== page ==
With growing interest from ODA sources, the government has started to shift projects that were being delayed in the PPP pipeline into ODA funded ones. In 2017, two such projects, namely the New Centennial Water Source Kaliwa-Dam Project and the North-South Railway Project-South Line underwent this transferal. China has shown interest in funding both these projects, while Japan has expressed its interest in financing the railway project. The government is also pushing for the implementation of a hybrid PPP system which uses ODAs as a funding tool, with operation and maintenance being handed over to the private sector. This will further take away potential investment opportunities from the private sector.
However, while the government is eager to push forward ODAs, past issues related to cost overruns and project delays still remain a concern among industry experts. The ODA-funded Subic-Clark-Tarlac Expressway is one such project which faced both of the issues cited above. The project faced a delay of two years after receiving government approval and took seven years for completion as opposed to the projected five. Furthermore, there was a cost overrun of USD 14. 1 billion making the final project cost amount to USD 32.8 billion, nearly double the approved budget of USD 18.7 billion. The Iloilo International Airport project is another ODA funded project that saw a delay of one year and a cost overrun that resulted in the final cost being 42% higher than what was approved. In retrospect, ODA funded projects faced delays once projects had received approval as opposed to PPPs, which faced delays in the approval process.
Furthermore, pushing for ODA funding above the planned 15% will result in a rise in government debt. Growing public debt has not been cited as a major concern by the government due to its expectation of steady economic growth. However, major international institutions such as the World Bank, IMF and ADB have projected the Philippines’ GDP growth to remain within the 6.4%-6.9% range in 2018F and 2019F, lower than the government’s projection of 7.0%-8.0%. Moreover, the Philippines is determined to not see a recurrence of its debt crisis in the 1980s, and as per the Department of Budget and Management (DBM), is focused on pushing down its debt to GDP ratio to 38.1% in 2022F from 40.6% in 2016. This has also been a reason for the government to restrict its infrastructure funding from ODAs, despite growing interest. Moreover, ODAs from China come with unfavourable stipulations in the form of Chinese contractors and labourers tied to these projects. This contradicts the government’s claim that infrastructure projects increase employment opportunities for Filipinos. As per the DBM, job creation is expected to double because of Dutertenomics, with two million jobs expected to be created annually for the duration of the plan, in addition to the average of two million jobs created in the Philippines annually.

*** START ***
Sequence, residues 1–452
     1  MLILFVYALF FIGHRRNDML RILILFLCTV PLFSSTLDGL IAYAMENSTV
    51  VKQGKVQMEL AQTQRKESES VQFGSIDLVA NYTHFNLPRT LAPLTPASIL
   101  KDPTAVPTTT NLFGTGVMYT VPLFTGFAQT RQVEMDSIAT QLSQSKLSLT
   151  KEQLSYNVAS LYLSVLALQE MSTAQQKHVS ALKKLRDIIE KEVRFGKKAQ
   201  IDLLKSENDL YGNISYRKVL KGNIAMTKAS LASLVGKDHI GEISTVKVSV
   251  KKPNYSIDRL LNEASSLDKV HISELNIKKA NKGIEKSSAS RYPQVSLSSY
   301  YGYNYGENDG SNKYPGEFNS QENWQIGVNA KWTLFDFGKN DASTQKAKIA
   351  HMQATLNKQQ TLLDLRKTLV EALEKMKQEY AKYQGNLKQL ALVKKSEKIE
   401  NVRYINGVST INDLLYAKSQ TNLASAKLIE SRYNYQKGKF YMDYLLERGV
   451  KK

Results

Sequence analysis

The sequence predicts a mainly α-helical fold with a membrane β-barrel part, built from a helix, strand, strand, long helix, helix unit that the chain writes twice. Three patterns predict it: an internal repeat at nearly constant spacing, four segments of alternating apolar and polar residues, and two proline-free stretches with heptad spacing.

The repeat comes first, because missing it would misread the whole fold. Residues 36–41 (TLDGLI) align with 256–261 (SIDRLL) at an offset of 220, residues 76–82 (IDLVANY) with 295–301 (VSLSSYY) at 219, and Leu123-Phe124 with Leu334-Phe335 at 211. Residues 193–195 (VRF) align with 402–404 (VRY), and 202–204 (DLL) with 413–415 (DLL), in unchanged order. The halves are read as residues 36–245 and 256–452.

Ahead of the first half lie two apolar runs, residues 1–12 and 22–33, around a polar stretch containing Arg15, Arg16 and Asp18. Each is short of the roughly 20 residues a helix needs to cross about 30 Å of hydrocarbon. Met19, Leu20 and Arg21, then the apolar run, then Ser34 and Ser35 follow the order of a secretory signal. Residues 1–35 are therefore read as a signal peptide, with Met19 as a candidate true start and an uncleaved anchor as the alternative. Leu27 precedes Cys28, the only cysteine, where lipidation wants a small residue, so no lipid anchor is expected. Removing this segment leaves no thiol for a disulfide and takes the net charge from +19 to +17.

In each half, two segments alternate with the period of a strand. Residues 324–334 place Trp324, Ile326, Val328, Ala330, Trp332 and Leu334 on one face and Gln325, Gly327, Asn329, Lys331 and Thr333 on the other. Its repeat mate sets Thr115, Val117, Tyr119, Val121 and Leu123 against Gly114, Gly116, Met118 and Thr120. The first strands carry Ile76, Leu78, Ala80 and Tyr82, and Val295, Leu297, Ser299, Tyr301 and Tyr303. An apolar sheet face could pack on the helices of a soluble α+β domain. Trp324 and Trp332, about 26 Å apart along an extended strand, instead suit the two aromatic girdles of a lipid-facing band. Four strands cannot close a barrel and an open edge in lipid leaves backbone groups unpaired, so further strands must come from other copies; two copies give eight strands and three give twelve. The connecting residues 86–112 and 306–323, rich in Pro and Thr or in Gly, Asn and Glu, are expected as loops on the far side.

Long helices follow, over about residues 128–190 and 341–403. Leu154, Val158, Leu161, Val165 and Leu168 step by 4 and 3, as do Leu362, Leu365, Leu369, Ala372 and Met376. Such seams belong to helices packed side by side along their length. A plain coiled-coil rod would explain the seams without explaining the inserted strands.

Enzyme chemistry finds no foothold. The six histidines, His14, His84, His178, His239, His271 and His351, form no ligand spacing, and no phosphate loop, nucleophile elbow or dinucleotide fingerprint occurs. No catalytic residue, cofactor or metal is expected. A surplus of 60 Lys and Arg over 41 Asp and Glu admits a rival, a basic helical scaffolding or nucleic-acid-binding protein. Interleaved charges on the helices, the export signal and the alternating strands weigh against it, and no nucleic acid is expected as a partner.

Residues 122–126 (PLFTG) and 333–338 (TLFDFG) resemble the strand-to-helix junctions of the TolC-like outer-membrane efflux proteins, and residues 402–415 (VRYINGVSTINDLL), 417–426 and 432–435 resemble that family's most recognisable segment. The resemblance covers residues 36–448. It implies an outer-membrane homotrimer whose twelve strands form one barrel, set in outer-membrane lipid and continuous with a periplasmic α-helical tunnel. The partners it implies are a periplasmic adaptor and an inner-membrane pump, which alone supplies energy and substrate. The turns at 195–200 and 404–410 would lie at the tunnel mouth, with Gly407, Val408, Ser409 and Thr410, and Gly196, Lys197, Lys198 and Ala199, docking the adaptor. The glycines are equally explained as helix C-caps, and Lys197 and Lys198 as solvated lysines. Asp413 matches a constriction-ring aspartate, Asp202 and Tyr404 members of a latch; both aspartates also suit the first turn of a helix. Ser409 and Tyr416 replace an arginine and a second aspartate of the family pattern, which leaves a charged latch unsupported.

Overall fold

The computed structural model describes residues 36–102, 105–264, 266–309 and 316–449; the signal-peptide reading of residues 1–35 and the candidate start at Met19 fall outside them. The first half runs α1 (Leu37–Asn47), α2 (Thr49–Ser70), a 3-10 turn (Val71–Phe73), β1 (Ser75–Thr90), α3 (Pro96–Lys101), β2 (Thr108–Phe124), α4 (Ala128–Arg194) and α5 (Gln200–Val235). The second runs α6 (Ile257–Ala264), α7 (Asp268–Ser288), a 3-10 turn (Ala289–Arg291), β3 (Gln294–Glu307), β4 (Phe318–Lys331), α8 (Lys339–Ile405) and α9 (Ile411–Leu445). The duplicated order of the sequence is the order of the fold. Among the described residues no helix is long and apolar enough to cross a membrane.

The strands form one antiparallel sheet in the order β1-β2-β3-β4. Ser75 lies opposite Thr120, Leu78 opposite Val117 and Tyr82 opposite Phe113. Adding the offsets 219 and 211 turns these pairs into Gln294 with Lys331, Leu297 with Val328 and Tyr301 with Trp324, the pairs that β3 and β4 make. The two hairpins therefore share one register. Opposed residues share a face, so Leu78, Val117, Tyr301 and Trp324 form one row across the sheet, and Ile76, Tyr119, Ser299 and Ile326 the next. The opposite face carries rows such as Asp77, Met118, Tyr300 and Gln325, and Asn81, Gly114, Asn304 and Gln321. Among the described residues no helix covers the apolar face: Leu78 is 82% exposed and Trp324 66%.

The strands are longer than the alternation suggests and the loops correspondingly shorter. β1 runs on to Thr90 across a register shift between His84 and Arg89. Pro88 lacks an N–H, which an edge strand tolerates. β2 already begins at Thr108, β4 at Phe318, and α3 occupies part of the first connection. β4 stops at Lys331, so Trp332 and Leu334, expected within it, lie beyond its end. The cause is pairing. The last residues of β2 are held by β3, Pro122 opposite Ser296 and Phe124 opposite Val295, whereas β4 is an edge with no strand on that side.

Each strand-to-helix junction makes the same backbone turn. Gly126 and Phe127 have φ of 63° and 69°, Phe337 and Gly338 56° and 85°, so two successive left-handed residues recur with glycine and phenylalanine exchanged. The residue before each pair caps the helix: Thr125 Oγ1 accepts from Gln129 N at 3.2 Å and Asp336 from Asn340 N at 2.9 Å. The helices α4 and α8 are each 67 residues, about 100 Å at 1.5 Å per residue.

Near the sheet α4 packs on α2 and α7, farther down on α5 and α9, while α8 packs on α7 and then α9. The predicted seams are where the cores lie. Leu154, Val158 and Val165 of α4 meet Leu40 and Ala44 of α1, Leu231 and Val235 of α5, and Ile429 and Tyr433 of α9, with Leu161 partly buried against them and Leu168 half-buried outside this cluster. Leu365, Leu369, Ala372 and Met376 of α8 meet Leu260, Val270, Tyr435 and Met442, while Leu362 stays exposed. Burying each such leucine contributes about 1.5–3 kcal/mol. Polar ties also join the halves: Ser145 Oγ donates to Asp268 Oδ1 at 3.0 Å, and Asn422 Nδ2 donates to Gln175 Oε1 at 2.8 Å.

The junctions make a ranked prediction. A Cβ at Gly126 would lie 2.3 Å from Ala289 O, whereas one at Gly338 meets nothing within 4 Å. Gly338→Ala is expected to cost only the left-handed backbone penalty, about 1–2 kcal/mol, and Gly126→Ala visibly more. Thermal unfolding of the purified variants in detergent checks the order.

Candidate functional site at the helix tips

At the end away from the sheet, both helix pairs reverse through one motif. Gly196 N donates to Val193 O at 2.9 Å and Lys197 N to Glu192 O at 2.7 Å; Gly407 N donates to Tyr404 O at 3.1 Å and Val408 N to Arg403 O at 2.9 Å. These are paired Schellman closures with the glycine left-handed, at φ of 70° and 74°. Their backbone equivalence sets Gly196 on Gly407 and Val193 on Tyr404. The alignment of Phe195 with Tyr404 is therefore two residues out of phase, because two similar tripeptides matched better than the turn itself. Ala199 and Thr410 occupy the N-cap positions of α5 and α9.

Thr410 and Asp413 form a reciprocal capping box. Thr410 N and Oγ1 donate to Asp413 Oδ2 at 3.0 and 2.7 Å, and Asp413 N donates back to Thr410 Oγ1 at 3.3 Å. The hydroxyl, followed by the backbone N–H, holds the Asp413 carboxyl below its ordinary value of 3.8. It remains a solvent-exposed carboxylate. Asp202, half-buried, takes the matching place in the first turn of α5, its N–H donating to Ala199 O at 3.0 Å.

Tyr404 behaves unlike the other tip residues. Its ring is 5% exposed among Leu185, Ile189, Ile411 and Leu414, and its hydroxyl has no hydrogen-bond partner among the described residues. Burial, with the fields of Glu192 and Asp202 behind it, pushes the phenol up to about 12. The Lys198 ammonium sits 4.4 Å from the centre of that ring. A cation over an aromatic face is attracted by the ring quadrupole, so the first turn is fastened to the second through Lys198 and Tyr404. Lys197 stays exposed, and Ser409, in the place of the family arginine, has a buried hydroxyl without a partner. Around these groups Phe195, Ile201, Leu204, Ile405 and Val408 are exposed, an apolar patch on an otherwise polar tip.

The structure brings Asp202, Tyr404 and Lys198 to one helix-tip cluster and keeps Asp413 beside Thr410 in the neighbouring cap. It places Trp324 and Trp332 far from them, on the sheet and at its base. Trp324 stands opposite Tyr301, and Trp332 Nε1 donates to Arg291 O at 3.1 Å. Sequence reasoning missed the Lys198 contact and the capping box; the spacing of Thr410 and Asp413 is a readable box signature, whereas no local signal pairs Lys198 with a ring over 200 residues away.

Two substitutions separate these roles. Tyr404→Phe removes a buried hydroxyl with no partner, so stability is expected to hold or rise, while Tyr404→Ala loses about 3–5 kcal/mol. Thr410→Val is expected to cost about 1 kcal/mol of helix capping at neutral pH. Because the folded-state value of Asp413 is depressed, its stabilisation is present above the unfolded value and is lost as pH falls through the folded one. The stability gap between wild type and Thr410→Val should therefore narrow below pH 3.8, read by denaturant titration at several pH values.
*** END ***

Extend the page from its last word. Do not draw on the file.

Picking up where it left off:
However, despite these short comings, the Filipino government’s growing political ties with Asia, may result in ODAs being given preference over PPPs in order to finance any gaps that arise in the funding of Dutertenomics.
PPPs in the Pipeline
Source- Public Private Partnership Centre
*Projects under local government units